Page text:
- We conducted a rapid evidence review to explore the benefits and harms of digital cognitive-behavioral therapy (dCBT) and the barriers to and facilitators of implementing dCBT for adolescents.
- The objective of this meta-analysis was to provide a synthesis of studies examining the prevalence of unwanted online exposure and solicitation of a sexual nature among youth, and to determine if prevalence varies by youth age, gender, year of study data collection, or study geographical location.
- Cyberbullying (CB) has established links to physical and mental health problems including depression, suicidality, substance use, and somatic symptoms. Quality reporting of CB prevalence is essential to guide evidence-based policy and prevention priorities. The purpose of this systematic review was to investigate study quality and reported prevalence among CB research studies conducted in populations of US adolescents of middle and high school age.
- The purpose of this systematic review was to evaluate recent research regarding the use of computer-based nutrition education interventions targeting adolescent overweight and obesity.
- New digital media (e.g., the Internet, text messaging, and social networking sites [SNS]) have dramatically altered the communication landscape, especially for youth. These communication platforms present new tools for engaging youth in sexual health promotion and risk reduction. We searched eight public databases across multiple disciplines for all peer-reviewed studies published between January 2000 and May 2011 that empirically evaluated the impact of digital media-based interventions on the sexual health knowledge, attitudes, and/or behaviors of adolescents aged 13–24 years.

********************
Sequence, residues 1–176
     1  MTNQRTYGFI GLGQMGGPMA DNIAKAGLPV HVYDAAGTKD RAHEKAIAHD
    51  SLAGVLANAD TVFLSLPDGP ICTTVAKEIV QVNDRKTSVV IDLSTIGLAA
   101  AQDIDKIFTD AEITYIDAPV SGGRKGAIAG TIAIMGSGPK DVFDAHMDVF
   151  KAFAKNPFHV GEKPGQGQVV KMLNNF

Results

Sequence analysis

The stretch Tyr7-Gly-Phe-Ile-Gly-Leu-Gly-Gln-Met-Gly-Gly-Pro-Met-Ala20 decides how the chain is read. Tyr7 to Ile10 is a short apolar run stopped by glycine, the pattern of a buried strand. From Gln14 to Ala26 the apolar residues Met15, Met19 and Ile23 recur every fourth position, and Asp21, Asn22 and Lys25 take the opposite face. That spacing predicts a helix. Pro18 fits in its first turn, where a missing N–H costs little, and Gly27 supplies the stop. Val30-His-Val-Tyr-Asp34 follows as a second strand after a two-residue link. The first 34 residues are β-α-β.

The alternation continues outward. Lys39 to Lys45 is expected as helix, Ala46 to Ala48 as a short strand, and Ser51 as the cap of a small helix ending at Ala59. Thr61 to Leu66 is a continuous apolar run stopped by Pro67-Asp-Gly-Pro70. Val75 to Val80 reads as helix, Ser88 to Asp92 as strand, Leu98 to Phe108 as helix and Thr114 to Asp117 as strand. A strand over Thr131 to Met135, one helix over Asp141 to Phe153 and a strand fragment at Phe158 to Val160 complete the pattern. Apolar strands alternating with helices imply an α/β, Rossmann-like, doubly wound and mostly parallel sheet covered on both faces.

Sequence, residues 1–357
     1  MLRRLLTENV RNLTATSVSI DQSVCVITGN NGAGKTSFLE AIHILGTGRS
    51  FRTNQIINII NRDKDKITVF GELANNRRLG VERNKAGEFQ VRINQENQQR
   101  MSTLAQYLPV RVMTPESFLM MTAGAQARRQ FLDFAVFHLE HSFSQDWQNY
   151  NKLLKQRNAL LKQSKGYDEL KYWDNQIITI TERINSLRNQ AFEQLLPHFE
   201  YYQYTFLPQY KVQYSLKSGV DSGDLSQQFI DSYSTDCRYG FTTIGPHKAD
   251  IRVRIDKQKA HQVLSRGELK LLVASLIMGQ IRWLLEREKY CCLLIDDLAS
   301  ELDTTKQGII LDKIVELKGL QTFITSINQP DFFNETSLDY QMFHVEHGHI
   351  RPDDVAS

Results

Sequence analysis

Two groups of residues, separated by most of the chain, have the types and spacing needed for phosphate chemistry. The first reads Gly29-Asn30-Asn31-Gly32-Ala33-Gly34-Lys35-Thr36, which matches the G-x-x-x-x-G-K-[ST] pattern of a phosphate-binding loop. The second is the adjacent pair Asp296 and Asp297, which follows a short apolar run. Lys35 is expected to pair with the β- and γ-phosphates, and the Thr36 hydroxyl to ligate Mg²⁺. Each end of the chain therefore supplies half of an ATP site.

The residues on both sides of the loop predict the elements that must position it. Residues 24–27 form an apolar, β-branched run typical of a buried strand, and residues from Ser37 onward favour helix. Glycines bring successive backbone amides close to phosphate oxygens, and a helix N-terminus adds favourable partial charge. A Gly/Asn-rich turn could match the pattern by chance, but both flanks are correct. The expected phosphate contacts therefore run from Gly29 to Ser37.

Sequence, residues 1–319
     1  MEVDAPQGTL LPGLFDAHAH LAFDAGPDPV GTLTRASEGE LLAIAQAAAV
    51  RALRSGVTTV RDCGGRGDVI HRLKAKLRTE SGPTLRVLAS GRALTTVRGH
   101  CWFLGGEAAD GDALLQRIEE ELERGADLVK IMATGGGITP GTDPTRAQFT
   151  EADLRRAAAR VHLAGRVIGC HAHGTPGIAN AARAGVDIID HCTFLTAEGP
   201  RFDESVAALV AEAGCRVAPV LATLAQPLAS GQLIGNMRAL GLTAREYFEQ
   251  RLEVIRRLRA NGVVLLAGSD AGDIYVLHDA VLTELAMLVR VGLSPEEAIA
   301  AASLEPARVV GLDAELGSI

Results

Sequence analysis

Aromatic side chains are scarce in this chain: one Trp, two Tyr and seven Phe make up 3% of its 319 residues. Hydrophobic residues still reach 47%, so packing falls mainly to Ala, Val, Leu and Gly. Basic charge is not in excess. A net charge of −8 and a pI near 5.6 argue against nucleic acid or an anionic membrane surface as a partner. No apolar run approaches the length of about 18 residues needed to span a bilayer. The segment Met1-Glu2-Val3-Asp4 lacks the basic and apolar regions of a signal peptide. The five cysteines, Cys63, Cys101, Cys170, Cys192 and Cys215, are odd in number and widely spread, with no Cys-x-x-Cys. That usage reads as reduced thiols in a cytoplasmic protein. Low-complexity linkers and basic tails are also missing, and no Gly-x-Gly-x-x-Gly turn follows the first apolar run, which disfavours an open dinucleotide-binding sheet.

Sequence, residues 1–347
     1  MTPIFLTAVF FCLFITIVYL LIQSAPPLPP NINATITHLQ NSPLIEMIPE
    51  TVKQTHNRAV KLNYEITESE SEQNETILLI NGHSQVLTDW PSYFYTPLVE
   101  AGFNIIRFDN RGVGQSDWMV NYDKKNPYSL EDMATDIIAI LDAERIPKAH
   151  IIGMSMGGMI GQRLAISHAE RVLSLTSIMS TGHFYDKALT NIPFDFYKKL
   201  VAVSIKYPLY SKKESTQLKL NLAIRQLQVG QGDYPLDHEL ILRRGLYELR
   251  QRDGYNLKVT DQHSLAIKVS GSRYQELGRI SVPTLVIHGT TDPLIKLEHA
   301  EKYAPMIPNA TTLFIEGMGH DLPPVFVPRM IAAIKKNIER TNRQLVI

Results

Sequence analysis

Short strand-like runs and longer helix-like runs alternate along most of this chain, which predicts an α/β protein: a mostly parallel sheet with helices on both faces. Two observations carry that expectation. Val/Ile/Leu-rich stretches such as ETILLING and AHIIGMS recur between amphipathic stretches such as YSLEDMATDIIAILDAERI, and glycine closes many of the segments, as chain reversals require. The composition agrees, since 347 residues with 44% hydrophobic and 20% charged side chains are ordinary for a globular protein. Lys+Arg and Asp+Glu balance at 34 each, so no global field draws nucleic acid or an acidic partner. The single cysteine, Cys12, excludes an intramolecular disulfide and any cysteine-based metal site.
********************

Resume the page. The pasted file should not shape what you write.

- Because of their avid use of new media and their increased spending power, adolescents have become primary targets of a new “Media and Marketing Ecosystem.” Digital media resonate particularly well with many of the fundamental developmental tasks of adolescence by enabling instantaneous and constant contact with peers, providing opportunities for self-expression, identity exploration, and social interaction, and facilitating mobility and independence. Six key features of interactive media—ubiquitous connectivity, personalization, peer-to-peer networking, engagement, immersion, and content creation—are emblematic of the ways in which young people are both shaping and being shaped by this new digital culture.